Celtic and Old English Saints          28 September

* St. Conwall of Scotland
* St. Machan of Scotland
* St. Lioba of Bischoffsheim
* St. Tetta of Wimborne
* St. Sinach Mac Dara

St. Sinach Mac Dara

September 28 is the feastday of an island hermit saint of the west, Sinach Mac 
Dara. Mac Dara is still used today as a Christian name for Irish males in the 
Connemara Gaeltacht area. Below is an account of Saint Mac Dara's life and some 
interesting folk traditions associated with him, from O'Hanlon's Lives of the 
Irish Saints.


OF this holy anchorite little is positively known, and yet his name and 
veneration have survived for many ages. He is much venerated by inhabitants on 
the western shores of Galway. He must have flourished at a very early period, 
however, and most probably at a time, when his remote position secluded him 
from cognizance of our ancient chroniclers. Tradition asserts, that the name of 
our Saint's father was Dara ; and Sinach, his own peculiar name, was placed 
before Mac Dara, that by which he is now popularly known. However, the St. Mac 
Dara of the western coasts should be called Sionnach, which was his real name. 
At the 28th of September, Marianus O'Gorman sets down Sinach in his Festilogy. 
His commentator has a note appended to his name which states, that he was from 
Cruach mac Daro. From other Irish Martyrologies regarding this saint, we can 
glean no particulars. 

On the south-western shore of a peninsula, anciently called Iorrasainteach, 
lies a small Island, presenting to the sea on all sides rocks which are high 
and precipitous, except towards the eastern part, where boats can safely touch. 
The appearance of this Island from a distance, coupled with its relation to our 
saint, gave it the name of Cruach Mac Dara, which when anglicised means, "The 
Rick of Mac Dara," or ''The Island of Mac Dara." Near the landing place on this 
Island, St. Sinach Mac Dara is supposed to have built a small stone church, the 
ruins of which yet remain, and are in a good state of preservation. Besides 
this ruin, a circular or rather oval stone-house, twenty-four feet by eighteen, 
with walls seven feet in thickness, is yet to be seen, although in a very 
dilapidated condition. This was probably our saint's usual habitation, and the 
church might have been chiefly in use, as an oratory. At the distance of 300 
feet from this church, and on its northern side, a square altar, surmounted by 
a cross, and a holy well near it, are pointed out to strangers. Both are 
dedicated to St. Mac Dara. He seems to have led a secluded life on the Island 
bearing his name, and one devoted to the practice of most austere religious 
rules and duties. According to a custom, usual in our old Irish churches, the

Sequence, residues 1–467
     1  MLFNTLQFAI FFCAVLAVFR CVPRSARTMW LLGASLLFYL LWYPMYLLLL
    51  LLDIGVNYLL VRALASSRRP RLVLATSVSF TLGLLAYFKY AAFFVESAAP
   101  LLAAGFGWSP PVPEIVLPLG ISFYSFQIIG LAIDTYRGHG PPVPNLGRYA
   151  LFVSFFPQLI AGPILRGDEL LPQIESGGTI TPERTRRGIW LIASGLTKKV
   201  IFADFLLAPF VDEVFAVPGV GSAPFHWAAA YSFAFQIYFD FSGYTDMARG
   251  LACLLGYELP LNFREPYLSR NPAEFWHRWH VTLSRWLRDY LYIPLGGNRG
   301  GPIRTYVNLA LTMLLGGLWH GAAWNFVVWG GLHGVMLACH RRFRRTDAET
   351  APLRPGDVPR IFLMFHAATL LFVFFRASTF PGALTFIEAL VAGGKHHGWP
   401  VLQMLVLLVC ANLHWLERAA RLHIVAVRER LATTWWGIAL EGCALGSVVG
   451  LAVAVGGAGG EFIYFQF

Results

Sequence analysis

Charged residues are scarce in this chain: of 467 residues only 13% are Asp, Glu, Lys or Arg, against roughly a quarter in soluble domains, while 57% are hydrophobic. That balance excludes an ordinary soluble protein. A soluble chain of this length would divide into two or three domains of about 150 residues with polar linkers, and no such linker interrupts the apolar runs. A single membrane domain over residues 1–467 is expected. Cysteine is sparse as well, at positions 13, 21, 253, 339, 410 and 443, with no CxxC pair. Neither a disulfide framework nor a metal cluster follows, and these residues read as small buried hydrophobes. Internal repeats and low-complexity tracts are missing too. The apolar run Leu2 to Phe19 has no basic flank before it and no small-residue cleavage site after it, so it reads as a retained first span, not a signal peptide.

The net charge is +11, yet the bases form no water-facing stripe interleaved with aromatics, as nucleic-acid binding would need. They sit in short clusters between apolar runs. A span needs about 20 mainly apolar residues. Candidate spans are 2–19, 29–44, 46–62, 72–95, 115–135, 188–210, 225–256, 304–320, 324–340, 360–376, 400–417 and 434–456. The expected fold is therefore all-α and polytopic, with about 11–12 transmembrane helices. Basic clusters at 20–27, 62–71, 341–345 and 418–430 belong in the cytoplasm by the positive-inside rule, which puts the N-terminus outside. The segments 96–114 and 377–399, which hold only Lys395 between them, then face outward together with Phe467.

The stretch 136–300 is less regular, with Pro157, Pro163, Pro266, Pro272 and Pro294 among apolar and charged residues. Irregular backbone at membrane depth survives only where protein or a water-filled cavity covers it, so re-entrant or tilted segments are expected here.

wooden statue of this saint was preserved in his chapel for many centuries 
subsequent to his death-this image being commemorative of the founder and 
patron, whose intercession was invoked. However, for special weighty reasons, 
the Archbishop of Tuam, Malachy Queely, caused its removal during the time of 
his incumbency, and had it buried under the ground. Besides the veneration paid 
our saint on this Island, the inhabitants of Moyrus Parish, on the shore of the 
opposite mainland, point out the ruins of an old parish church, which is 
dedicated to him. There, in the time of Roderick O'Flaherty, [i.e. the 17th 
century] "his altar stone, by the name of Leac Sinach," was kept as a venerable 
relic... Here, the coast inhabitants, who are principally fishermen, assemble 
on the 16th of July each year, to celebrate the festival of their patron of 
Moyrus parish. At this date, however, we find no mention of Sinach Mac Dara, in 
our Martyrologies. The principal festival of our saint is noted in the Irish 
Calendar, as occurring on the 28th day of September. This day may probably be 
assigned, as that for his departure. 

Many miraculous occurrences are recorded, and some superstitious observances 
are said to have been practised in connection with this saint's memory by 
recurring to local tradition. One of the latter practices was the collection of 
Dunleasg or salt sea-leaf, at low water, by women, in order to obtain the 
release of some friend in captivity : this reprieve, however, they expected 
should be obtained chiefly through the intercession of our saint. This practice 
of gathering Dunleasg has been disused for many years past ; although old 
people are yet living, who remember its frequent observance.

In the time of Roderick O' Flaherty, it was customary for all boats, passing 
between Mason-head and the Island, to lower their sails three times, in honour 
of Mac Dara. In the year 1672, a certain captain of Galway garrison, passing 
without the usual mark of reverence, experienced such a violent gale, that he 
made a vow of never again sailing by without a proper obeisance; he was 
shipwrecked shortly afterwards, and never reached his destination. One Gill, a 
fisherman of Galway, during the prevalence of fair weather before and after the 
occurrence, was struck dead almost instantaneously, by a stroke from the mast 
of his own boat, when it fell on his head. This accident, like the former, was 
attributed to that contempt shown towards our saint by a departure from the 
time-honoured custom. His altar-stone, called " Leac Shinac," was said to have 
been preserved to the middle of the present century ; but its whereabouts is 
not now known. The name Mac Dara is a very common prefix to surnames of many 
Islanders and borderers, on the Galway coast, and even boats and hookers 
belonging to its fishermen are inscribed with the name, in token of veneration 
for our saint. 


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